30 Sep 2014

Water Well Owners – How to Prepare Your Emergency Water Supply

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Our friends who rely on public water supplies are often at the mercy of their local officials, should a water emergency occur. From boil water advisories to full-blown chemical spills, main breaks and other widespread issues, problems that affect municipal water supplies often create a panic among residents. People rush across town to grocery stores, gas stations, and other retailers to buy up all the bottled water in sight. We’ve even seen cases where unscrupulous entrepreneurs sell bottled water at incredibly marked-up prices on places like Craigslist, just to take advantage of the crisis.

 

All this leads us to the main point of this article: C&J Well Company wants to know if you store water for long-term emergencies.

 

Whether it’s a big storm or natural disaster, a major power outage, or even one of those zombie apocalypses popular on television right now, having a safe and reliable source of water is always a smart idea. Even a day or two without water is potentially dangerous. So here are some questions you should ask yourself and steps you can take to be ready, just in case. Remember the old phrase, “Hope for the best, but prepare for the worst.”

 

How much water do I need?

 

How much water you need depends on many factors, like number of family members at home, where you live, health conditions, whether you have pets, etc. The general rule is one gallon of water per person, per day.

 

How much water should I have?

 

Here is where things get a bit trickier. It’s not unheard of for a major storm to knock out power for a couple days. Remember the Elk River chemical spill in Charleston, WV, earlier this year? Polluted water affected many thousands of local residents for a week or longer. When it comes to you and your family, decide just how prepared you want to be. The federal government suggests having a three-day water supply at home, but you may want to plan for more.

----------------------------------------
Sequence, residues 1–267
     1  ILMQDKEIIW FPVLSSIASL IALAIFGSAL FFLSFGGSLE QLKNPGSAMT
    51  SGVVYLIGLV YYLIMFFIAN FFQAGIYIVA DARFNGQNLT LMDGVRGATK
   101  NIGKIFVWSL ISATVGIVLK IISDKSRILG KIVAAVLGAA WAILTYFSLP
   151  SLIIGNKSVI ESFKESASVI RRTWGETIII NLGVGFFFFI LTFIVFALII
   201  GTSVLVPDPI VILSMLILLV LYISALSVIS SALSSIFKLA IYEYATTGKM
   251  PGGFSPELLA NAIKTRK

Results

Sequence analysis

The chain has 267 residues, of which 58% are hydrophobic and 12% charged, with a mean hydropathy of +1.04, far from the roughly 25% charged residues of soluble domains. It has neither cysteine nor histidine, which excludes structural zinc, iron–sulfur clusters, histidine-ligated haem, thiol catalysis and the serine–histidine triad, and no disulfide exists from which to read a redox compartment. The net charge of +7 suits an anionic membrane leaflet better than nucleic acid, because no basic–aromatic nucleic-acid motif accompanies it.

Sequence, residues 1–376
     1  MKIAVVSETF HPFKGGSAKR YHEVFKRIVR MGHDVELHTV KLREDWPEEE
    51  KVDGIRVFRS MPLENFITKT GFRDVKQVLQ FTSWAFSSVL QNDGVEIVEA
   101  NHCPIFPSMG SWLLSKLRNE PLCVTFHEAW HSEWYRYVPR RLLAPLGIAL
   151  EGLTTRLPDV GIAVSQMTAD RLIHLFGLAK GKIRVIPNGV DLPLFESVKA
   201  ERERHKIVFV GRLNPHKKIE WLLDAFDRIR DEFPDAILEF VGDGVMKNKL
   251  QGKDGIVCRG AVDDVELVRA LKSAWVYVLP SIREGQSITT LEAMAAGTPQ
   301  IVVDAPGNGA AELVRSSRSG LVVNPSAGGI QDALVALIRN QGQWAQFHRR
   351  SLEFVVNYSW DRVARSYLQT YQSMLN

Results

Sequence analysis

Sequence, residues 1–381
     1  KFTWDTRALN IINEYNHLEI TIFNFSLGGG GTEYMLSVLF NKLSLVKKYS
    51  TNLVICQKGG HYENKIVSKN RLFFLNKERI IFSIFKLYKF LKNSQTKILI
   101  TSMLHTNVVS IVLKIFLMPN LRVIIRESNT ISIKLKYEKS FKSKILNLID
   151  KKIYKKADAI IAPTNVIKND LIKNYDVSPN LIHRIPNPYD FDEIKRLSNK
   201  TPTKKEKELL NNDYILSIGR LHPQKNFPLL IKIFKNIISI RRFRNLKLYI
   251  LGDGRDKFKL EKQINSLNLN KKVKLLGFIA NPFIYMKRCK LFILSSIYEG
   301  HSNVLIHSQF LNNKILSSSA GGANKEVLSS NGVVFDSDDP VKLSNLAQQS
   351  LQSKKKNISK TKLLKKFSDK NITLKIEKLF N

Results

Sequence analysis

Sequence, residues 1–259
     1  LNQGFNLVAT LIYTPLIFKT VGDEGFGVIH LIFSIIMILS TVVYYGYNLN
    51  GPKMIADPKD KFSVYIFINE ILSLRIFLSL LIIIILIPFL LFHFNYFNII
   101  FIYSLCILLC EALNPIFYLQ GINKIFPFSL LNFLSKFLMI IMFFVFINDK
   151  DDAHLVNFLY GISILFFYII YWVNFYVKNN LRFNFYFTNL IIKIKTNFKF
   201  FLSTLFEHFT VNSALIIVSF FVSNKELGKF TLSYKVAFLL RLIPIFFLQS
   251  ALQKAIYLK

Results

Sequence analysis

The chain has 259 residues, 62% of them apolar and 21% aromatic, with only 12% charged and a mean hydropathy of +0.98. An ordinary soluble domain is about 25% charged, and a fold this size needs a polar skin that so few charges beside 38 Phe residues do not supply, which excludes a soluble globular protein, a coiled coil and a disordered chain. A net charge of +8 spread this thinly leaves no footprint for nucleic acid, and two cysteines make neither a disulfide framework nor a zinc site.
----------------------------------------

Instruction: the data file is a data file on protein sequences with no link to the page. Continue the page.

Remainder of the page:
How should I store it all?

 

Let’s say you are a family of four with a golden retriever at home, and you want to store a week’s worth of emergency water. Estimating a gallon per person per day, and half a gallon per pooch per day, that’s about 32 gallons. One gallon of water weighs about 8.35 lbs. so to prepare for a week you’ll need about 267 lbs. of water. That’s a lot of liquid!

 

Here are some storage devices to consider:

 

  • Consumer bottled water. You can buy bottled water by the case at just about any grocery store, discount retailer, and hardware store.
  • 1, 5, 7+ gallon jugs. Water comes in larger containers for a wide variety of applications. Store-bought jugs and commercial water coolers are just a few.
  • Your own refilled bottles. Empty 2-liter soda bottles make great water storage when properly cleaned. Avoid storing water in milk or juice containers.
  • Water barrels. For serious planners or folks with large water needs, consider investing in 55-gallon water barrels. You can find many options online.
  • Bathtub. Yes, you read that correctly. In an emergency, you can fill up your bathtub with tap water if it’s still safe to drink. An average tub can hold 100 gallons or more.

 

C&J Well Company has a couple other reminders for long-term water storage. Consider store-bought water treatment products. Regular bleach can also be used. Either way, know exactly how to use the purification process you choose. Remember that water does go bad, so keep track of expiration dates on bottles, and rotate out your supplies once a year.

 

Homeowners with private water wells have a unique advantage in emergency situations that result in a power outage.  As long as the water has not been polluted, you have an alternative to storing an emergency water supply.  A generator can supply power to the well pump, which can then continue to deliver water to your home.  And that same generator can provide power to other appliances affected by a power outage.

 

But no matter what kind of water source you rely on, C&J Well Company encourages you to have a long-term plan. Contact us for more information today.